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22 Minutes:
Compromise to Containment

22 Minutes: Compromise to Containment

eSentire Dispatches Sophisticated Attacker Before Business Disruption

Attack Types:
Malware, Powershell

Finance – Asset Management

Whether for monetary gain or to disrupt business operations, cybercriminals have made financial organizations a top target.

A cyberattack can compromise systems that drive operations and expose their clients’ personal financial data. This can result in millions of dollars in fines and lost revenue, as well as an incalculable amount of damage to a financial firm’s reputation.

While most financial organizations recognize this and have strong preventative security controls in place, clever social engineering and one wrong click by an employee can open the door to a company’s network. For one eSentire financial client, this is exactly what happened.

Fortunately, eSentire’s Security Operation Center (SOC) leveraging esENDPOINT and esNETWORK proprietary machine learning capabilities detected the threat actor presence almost immediately and mitigated the threat in 22 minutes.

“The incident occurred as a result of social engineering and where an employee unknowingly downloaded a malicious file which spread laterally across our environment. eSentire was able to quickly identify the threat through a combination of their machine learning platform and security analysts, who worked with us to quarantine and isolate. Given our business, the potential for financial and reputational impact was significant and this helps easily justify our investment in eSentire’s solution to our Board.”

– Head of IT Infrastructure,
UK-headquartered investment management company


At the onset of the incident, the eSentire SOC received an alert from esENDPOINT that a JavaScript file was being downloaded to a computer on our financial client’s network. The SOC team began investigating and, with the help of machine learning and esNETWORK, they were able to follow the threat actor’s activity and quickly contain the threat.Further investigation showed that, on the client side, Patient Zero had unknowingly downloaded and launched a malicious JavaScript file via Internet Explorer. Our SOC team observed that the network trac captured at the time of compromise indicated that a potentially malicious web redirect via a website related to the SocGholish cybercrime campaign may have instigated the infection.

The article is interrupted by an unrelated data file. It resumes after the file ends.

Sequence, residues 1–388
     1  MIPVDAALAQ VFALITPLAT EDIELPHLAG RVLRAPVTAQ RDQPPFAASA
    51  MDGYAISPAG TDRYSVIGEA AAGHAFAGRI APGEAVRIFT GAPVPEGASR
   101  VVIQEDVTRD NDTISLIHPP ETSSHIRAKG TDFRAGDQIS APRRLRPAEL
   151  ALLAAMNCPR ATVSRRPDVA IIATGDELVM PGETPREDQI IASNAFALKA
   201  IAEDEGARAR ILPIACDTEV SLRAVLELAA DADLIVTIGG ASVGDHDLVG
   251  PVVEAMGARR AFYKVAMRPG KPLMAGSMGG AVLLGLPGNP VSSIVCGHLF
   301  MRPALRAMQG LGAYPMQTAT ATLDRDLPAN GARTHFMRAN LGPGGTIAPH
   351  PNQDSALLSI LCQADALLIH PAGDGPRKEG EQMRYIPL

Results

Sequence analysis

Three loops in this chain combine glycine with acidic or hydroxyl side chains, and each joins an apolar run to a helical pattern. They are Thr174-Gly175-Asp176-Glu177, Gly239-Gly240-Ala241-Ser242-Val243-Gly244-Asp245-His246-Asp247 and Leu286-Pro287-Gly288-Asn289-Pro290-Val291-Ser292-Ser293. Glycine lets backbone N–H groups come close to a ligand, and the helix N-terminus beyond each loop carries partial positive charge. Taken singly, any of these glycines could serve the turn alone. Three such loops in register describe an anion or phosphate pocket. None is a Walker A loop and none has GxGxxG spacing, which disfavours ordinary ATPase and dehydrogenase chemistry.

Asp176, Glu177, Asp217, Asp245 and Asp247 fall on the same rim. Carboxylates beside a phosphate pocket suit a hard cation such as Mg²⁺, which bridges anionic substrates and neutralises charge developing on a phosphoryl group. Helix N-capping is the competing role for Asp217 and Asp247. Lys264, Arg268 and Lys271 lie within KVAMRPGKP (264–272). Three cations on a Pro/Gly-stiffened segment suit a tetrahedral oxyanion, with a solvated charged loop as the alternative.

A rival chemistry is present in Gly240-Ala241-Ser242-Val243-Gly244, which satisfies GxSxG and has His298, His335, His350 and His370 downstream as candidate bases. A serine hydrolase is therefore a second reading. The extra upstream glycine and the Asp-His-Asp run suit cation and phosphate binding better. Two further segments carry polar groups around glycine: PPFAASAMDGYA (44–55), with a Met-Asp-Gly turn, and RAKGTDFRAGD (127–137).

Once the malicious JavaScript file executed, it downloaded two other tools, one of which took two screenshots of the infected machine’s desktop. The SOC team saw in the network trac that the screen shots were sent back to the attacker. This is a common “staging” tactic used by attackers to see if their payload is being opened in a sandbox. First the malicious script is executed, followed by the staging tactic test to see whether the environment is a sandbox so they do not expose their malware.

Then, if safe, the attacker’s next step is to execute the malware.The second tool downloaded by the initial JavaScript script was a remote control launcher. It was saved to the disk, renamed and then executed. This process triggered a malware alert from the SOC to the client. Once executed, it launched the built-in Windows Remote Access Tool which was recorded establishing a connection to an external channel, which is the likely command-and-control channel that was used for the malicious activity that immediately followed.

Just a few seconds after the remote control session was created via the Remote Assistance tool, some persistent malware was installed on the victim host. From there, lateral movement began.


The lateral movement phase began approximately 10 minutes after persistence was established on Patient Zero. An encoded PowerShell command was executed that downloaded an RC4-encrypted second-stage PowerShell script and launched it. As soon as the attacker used a PowerShell command, eSentire’s proprietary BlueSteel machine learning tool picked up on the suspicious activity and another alert was generated.

The command was executed under Patient Zero’s normal user account, without local admin privileges. After downloading and decrypting the second-stage PowerShell script, the attacker performed a scan of the local network for the purpose of infecting additional machines on the network. Two additional hosts on the local were subsequently compromised by remotely executing a similar PowerShell command.


The attacker’s total dwell time on the network was approximately 22 minutes, with lateral movement beyond Patient Zero occurring 10 minutes after initial compromise. Utilizing a combination of esENDPOINT which detected the malicious JavaScript file, machine learning from BlueSteel that detected the malicious PowerShell command, and esNETWORK which alerted on the suspicious web redirect, the attacker had no chance to reach their objective. eSentire was able to isolate the three compromised hosts and terminate the attackers command and control channel to the network.

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